Rsum for R ésumé
thnidu at GMAIL.COM
Thu Aug 5 02:58:25 UTC 2010
Maybe the person who contributed that definition to Urban Dictionary saw the
stupid-platform shortening and assumed that it was an intentional
shortening. u no, lk txt msgs.
m a m
On Mon, Aug 2, 2010 at 2:56 PM, Michael McKernan <mckernan51 at gmail.com>wrote:
> Subscribing to the online NYT, I receive emails containing links to
> stories. For at least a year, I've been noticing that these NYT emails
> always substitute rsum for r=E9sum=E9. Thinking this was a "texting
> " or
> something like that, I ignored it until today, when I checked a bunch of
> emails against the actual stories in the online NYT. What I found was that
> while the email would read:
> Editor's Impact Begins With a Capital O
> By JEREMY W. PETERS
> Susan Casey's rsum includes chasing great white
> sharks, but her latest challenge is remaking O magazine.
> the actual text of the article would use r=E9sum=E9, complete with accent
> This made me realize that it was probably the email text generator which
> automatically removing the two accented e characters (unable to deal with
> them, I suppose) rather than a writer or editor deliberately choosing to
> A search of ADS-L archives does not show any discussion of rsum.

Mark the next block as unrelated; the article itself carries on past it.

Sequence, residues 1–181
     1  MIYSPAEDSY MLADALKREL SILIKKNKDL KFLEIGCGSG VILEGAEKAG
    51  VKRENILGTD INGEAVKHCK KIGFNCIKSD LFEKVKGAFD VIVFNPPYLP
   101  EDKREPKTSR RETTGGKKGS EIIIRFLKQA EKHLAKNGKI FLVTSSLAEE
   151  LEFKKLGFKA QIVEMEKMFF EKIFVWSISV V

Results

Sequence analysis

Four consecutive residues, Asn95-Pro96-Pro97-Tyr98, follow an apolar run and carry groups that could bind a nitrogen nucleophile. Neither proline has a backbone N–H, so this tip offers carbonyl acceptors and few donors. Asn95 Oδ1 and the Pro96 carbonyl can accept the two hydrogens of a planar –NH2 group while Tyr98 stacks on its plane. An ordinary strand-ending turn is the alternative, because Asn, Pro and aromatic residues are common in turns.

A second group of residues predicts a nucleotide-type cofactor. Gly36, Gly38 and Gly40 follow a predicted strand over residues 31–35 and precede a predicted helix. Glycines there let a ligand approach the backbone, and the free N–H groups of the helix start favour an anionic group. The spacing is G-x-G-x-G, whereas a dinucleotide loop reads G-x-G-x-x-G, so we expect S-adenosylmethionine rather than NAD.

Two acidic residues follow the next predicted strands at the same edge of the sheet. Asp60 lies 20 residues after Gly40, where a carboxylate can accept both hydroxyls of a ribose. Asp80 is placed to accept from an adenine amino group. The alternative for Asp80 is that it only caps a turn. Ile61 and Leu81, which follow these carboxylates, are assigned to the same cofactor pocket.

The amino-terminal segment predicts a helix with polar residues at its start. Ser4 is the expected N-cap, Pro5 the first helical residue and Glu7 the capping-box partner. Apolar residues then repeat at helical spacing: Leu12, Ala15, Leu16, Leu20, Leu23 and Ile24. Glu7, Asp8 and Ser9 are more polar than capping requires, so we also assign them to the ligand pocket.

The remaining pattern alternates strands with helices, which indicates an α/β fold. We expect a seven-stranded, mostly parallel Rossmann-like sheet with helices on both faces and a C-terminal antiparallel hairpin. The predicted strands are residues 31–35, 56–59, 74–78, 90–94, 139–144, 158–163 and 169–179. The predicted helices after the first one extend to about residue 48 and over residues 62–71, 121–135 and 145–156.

> But googling rsum does show some usage of this truncation (along with
> considerable discussion of the unrelated programming variable "rsum"):
> Resume Ideas For Accounting Infusing Your Accounting *Rsum* With
> Jul 24, 2010 *...* As the job market continues to be about as tight as an
> angry boa constrictor, you need to take a "YOU" attitude in your *rsum* and
> show quantifiable results *...*
> www.articlesnatch.com/Article/Resume-Ideas...*Rsum*.../1372658 -
> Watercooler: Rejuvenate *rsum* for job hunt | Technology > Software
> Jan 17, 2010 *...* Whether you're out of work or browsing for new
> opportunities, keeping your *rsum* fresh and available in the right online
> locations could help *...*
> www.allbusiness.com/labor-employment/human.../13741240-1.html -
> This second example turns out to be an AP story:
> Watercooler: Rejuvenate rsum for job huntBy TALI ARBEL, TALI ARBEL
> Associated Press
> Publication: Fort Wayne Journal Gazette
> Date: Sunday, January 17
> While the online text for this article consistently uses "rsum," it's of
> course unclear if this is an automatic, software-generated truncation to
> avoid the accented-e characters.
> Some online sources list "rsum" as an abbreviation:
> Urban Dictionary: *rsum*<
> - 10:19am
> Dec 7, 2006 *...* buy *rsum* mugs, tshirts and magnets. Shorthand for
> "resume". "Send us your *rsum* via e-mail to apply for this position."
> www.urbandictionary.com/define.php?term=3D*rsum* -
> While there's not much to be gained, space-wise, from leaving out two
> characters, I suppose that for those typists fastidious enough to want to
> include the accents, rsum would offer considerable savings of effort.
> I'm curious about whether rsum has actually made a significant entrance
> the language of human speakers and writers, or if it is mostly an artifact
> of software limitations. Does anyone say "r-sum" instead of r=E9sum=E9?
> I'd also be interested to learn if anyone receives this email with all of
> carefully typed r=E9sum=E9s truncated to rsums.
> The American Dialect Society - http://www.americandialect.org
The American Dialect Society - http://www.americandialect.org
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